Consultants and other pensions experts have been calling for pensions reform in Italy for years. But, says Piero Marchettini, managing partner at Adelaide Consulting in Milan, nothing has really moved forward.
“We are in exactly the same situation.” And the frustration is likely to continue for a while yet. With an election due to take place in June, long delays in the passage of difficult legislation are inevitable.
A new draft of the law on social security and supplementary pensions has finally been put forward. But within the proposals there are still many unsolved issues, consultants say. They are concerned that the government appears to have been dragging its heels over a reform that it, perhaps, doesn’t feel the need for.
“But the majority of experts strongly believe a reform is urgent and necessary,” says Livio Mocenigo, senior consultant and partner in the benefits practice of Watson Wyatt Italia in Milan.
However, changes in accounting principles are keeping consultants busy on the actuarial side. As companies implement IAS 19, many require a valuation of severance pay (TFR), though this only applies to listed companies.
Apart from the valuation needed under the new accounting rules, the TFR and how to manage it continues to be a hot issue for government and employee representatives alike. The TFR is a feature peculiar to the Italian pension fund market. It is a lump sum paid to the employee when the job comes to an end.
For some time, the government has been looking at ways to allow TFR reserves into pension funds. Under the latest draft legislation, the TFR would be transferred into a pension fund automatically, unless the employee specifically requests that it does not. Consultants are sceptical that this legislation will be passed, however. Any anyway, most employees, they say, would far rather have a lump sum than what would turn out to be a relatively small amount in pension income.
The proposal is that these rules on the TFR would continue for three years in order to gauge how many employees would, in practice, object to the transfer. Depending on the outcome, it is then possible that the government would move to make the transfer compulsory, says Guido Blasco of Hewitt Associates.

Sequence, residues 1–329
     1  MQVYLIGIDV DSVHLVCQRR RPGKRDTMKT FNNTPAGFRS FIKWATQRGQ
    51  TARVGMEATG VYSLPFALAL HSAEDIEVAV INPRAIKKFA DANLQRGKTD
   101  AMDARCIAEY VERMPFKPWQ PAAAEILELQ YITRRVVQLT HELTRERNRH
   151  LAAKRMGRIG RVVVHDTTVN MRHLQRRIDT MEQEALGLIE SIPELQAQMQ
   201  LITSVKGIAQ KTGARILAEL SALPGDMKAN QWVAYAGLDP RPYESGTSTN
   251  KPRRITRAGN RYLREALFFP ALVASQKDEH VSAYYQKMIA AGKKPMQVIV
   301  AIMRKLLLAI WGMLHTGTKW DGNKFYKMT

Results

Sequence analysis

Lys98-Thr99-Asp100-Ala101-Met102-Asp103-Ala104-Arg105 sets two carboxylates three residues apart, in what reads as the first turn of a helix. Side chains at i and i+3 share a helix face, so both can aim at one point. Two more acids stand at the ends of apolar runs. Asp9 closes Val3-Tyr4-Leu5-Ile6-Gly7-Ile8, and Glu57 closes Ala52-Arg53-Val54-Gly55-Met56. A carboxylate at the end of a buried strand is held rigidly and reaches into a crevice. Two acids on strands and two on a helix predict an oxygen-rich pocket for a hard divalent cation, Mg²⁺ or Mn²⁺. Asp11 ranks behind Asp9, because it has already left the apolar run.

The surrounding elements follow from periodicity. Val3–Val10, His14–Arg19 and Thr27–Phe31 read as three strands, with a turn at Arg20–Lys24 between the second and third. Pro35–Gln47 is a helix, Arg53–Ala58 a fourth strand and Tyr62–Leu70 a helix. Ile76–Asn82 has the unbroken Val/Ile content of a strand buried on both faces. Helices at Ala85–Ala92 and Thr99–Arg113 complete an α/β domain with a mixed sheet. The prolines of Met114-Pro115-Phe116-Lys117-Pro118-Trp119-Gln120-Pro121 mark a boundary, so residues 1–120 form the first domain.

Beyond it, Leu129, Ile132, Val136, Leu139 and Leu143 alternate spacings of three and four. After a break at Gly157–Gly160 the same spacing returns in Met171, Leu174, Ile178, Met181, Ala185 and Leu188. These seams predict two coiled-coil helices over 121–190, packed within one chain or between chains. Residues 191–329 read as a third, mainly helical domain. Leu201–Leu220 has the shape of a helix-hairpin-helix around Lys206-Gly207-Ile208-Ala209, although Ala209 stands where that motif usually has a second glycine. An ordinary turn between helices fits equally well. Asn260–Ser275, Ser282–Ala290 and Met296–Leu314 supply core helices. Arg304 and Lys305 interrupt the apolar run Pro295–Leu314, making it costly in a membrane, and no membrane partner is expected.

But details are still unclear, he says. Whether the TFR money would be channelled into the closed pension funds at the company level or into open pension funds run by the insurance companies is not certain. And with the election looming, there is unlikely to be any early progress on this. “Whatever is not easy will most likely be postponed,” says Blasco.
Marchettini says pensions consultants face competition not only from each other but also from investment institutions offering advisory services. Although they cannot claim independence, a couple of the banks are offering asset allocation and manager search services. Unfortunately, many potential clients are prepared to believe in the free lunch, he says. “In Italy, conflict of interests is not the first issue,” he says.
Mocenigo says most of the investment providers have an internal organisation which goes out to companies to sell their products. Some of the banks have set up subsidiaries which exist solely for the purposes of marketing their open pension funds.
“The culture of employing a consultant, of doing a retirement study, is very new in Italy,” he says. But consultants, with their independence, do add value, he says. Watson Wyatt, for example, uses software to interview the company and then analyse those results, determining what the client’s precise needs are and then finding the best provider.
“Corporate clients should turn to a consultant to have a clear view of what the scheme options are, what are the costs involved in setting up the plan, the value of leveraging the pension capital, and so on,” says Mocenigo.
In the benefits area, Blasco says consultants are still waiting for the government to give the final definitions that will be used in the pensions reform.
This may turn out to be a good opportunity for consultants, he says, because the government has had intentions to change the rules for early retirement. Today, the rules are very liberal he says, with employees able to stop work at age 57 with no penalty. But under new rules this lower limit may be raised to 60, with 35 years of contributions. If this goes through, Blasco points out that employers would have less mobility in their staffing.
On the staff compensation side, the situation remains soft, he says, mainly because company revenues have been too poor to allow extra staff rewards. In the last quarter there was no increase in Italy’s GDP in real terms, he says. Although stock-related plans are benefiting from a favourable tax and legal scenario, Blasco says companies don’t seem to be good at implementing this type of plan.